Almagro’s emblematic critique further cues us to the paradoxical status of the supplement: it must be obviously expressed but also appear insubstantial, in both senses of the word, as a material that can be seen through and that is meaningless. This insight has led some creators of monumentaries to experiment with transparent materials, like glass and plastics. Architect Franco Minissi became well known for his transparent plastic supplements, especially his coverings of the cavea of the Greek Theater at Heraclea Minoa (Agrigento, 1960–63).7 But the norm, as we’ve seen in Arles and Sagunto, is for supplements to be expressed with opaque materials. Using visual techniques such as “phenomenal transparency,”8 opaque supplements can achieve disappearing effects, by carefully matching the original’s regulating lines while completing its missing volumes in order to create the sense of continuity, overlapping fields, depth, and so on. When taking in the monumentary as a whole, supplements appear as a material through which we can glean or imagine aspects of the original that are in fact not there.


Done properly, the supplement confounds, blurs the line between reality and fiction, and allows us to suspend disbelief, to satisfy our desire for meaning, to see what we want rather than what is before us: to experience the monumentary as unassailable documentary evidence of the past. The supplement plays on our human propensity towards binary thinking: its materiality is so overdetermined as something artificial and meaningless that it makes everything else around it, namely the original, appear authentic and deeply significant.

Monuments without supplements are rare, and for a reason. Recently, a municipal maintenance team discovered a rare unsupplemented six-thousand-year-old Celtic tomb in the Galician village of Ardesende, in northwestern Spain. They confused it with an old picnic table with broken benches, and with the best of intentions, demolished it and replaced it with a new table and benches, made of shiny new polished granite slabs to meet the standards of the most exacting picnicker.9 The site had been documented by archeologists and was officially listed as a Resource of Cultural Interest, but it was never supplemented. Without a supplemental treatment, the monument could not be recognized as such: it was invisible to the untrained eye.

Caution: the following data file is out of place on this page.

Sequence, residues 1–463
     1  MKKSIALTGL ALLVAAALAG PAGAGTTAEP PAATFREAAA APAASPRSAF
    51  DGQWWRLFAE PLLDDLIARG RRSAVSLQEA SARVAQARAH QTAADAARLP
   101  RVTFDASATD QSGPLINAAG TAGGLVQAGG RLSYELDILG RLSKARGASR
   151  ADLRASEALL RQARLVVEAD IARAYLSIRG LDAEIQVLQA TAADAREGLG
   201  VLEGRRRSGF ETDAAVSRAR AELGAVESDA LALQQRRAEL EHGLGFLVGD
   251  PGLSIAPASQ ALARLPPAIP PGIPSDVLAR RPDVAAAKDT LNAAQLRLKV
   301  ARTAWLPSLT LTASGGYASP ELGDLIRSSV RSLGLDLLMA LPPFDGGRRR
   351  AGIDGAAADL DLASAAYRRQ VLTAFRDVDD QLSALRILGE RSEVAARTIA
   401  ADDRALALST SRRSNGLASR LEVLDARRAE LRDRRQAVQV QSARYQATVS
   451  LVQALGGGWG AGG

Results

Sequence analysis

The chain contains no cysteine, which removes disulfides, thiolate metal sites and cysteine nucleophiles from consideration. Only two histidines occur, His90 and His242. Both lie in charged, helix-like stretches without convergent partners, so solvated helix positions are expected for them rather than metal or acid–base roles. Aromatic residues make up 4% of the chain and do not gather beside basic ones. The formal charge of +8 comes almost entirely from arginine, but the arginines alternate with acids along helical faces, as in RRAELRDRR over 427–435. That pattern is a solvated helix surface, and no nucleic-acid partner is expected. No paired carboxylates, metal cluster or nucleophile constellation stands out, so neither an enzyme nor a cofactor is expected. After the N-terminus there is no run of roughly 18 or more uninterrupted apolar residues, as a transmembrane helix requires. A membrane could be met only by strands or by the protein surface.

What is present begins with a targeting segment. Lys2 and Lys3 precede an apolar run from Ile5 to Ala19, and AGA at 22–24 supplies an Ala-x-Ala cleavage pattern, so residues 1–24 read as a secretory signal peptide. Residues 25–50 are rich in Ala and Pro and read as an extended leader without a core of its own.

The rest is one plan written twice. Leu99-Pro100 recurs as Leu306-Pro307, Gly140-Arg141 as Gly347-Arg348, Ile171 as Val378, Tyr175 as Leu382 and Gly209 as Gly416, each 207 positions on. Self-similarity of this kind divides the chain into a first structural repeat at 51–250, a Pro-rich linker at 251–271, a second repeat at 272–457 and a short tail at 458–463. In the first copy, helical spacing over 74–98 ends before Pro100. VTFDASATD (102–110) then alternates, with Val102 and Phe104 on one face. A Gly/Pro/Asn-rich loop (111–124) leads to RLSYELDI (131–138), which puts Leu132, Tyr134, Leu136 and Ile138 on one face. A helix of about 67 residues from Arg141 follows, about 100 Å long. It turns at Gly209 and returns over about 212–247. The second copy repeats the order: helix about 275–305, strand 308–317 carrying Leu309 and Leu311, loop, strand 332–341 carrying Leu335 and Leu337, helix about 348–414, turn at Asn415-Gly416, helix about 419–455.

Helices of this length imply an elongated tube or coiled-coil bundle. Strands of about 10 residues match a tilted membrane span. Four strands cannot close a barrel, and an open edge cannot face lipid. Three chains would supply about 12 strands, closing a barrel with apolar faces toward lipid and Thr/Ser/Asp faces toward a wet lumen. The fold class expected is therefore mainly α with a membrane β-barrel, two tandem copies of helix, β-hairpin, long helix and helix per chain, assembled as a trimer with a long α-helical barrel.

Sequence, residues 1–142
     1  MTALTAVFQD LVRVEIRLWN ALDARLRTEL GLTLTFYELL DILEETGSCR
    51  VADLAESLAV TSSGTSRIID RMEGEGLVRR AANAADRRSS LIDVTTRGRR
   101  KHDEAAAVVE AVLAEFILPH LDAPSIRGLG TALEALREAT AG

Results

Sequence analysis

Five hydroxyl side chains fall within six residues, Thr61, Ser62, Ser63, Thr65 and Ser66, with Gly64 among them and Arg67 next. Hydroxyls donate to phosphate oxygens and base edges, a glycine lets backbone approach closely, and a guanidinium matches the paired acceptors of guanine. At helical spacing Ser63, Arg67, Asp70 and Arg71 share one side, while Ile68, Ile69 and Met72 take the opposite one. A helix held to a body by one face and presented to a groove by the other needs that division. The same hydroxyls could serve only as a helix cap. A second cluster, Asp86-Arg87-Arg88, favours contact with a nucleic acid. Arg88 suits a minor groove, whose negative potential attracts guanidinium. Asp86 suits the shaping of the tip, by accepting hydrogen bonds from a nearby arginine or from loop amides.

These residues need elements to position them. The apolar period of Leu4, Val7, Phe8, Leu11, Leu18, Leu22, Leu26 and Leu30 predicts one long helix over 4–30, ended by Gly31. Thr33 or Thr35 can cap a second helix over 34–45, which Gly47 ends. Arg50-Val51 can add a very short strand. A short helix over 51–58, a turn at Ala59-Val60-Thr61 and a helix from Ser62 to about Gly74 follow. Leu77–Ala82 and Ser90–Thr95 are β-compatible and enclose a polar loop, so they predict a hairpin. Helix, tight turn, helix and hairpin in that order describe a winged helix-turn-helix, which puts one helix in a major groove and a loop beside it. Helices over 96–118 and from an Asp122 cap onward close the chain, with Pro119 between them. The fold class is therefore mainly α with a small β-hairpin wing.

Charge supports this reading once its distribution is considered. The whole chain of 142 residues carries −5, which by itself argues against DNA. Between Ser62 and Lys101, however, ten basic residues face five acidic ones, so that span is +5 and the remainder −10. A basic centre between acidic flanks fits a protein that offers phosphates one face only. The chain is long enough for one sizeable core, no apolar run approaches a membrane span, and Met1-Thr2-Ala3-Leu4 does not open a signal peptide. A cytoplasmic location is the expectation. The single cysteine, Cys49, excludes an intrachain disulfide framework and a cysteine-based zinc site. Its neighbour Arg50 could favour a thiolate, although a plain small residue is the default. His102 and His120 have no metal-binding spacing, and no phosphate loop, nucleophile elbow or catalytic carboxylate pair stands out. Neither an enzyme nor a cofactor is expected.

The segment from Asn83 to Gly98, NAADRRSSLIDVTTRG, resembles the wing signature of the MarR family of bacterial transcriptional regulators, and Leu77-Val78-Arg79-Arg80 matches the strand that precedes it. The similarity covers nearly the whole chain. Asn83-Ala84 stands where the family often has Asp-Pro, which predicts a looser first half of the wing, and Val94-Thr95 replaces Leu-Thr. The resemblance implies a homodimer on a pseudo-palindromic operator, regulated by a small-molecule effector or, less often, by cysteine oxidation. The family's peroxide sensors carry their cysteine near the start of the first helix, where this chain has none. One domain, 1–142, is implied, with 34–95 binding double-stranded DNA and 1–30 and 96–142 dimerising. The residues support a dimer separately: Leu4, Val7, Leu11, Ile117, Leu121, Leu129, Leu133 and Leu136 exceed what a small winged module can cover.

Similar cases abound of untreated monuments being misidentified as insignificant objects. In 2013, Belizean construction workers tore down a 2,300-year-old Mayan temple they mistook for a pile of rubble to make gravel for road filler. Dr. John Morris of the Belizean Institute of Archaeology suggested the workers were being disingenuous: “There is absolutely no way that they would not know that these are Maya mounds.”10

Ambiguous legibility threatens the existence of monuments. In order to recognize something, we must by definition have seen it before. This means that it would be theoretically impossible for us to identify a construction we had never seen before as a monument. To survive, they must unequivocally appear as monuments. Supplements are meant to help monuments do what we expect them to do but cannot do by themselves: to appear as monuments. This is their primary role: to impose conventional attributes upon the extraordinary objects that will render them recognizable as monuments, that is, as evidentiary documents of the past.

Erechthion’s caryatid column stands in the Acropolis Museum, Athens. Photo: Jorge Otero-Pailos.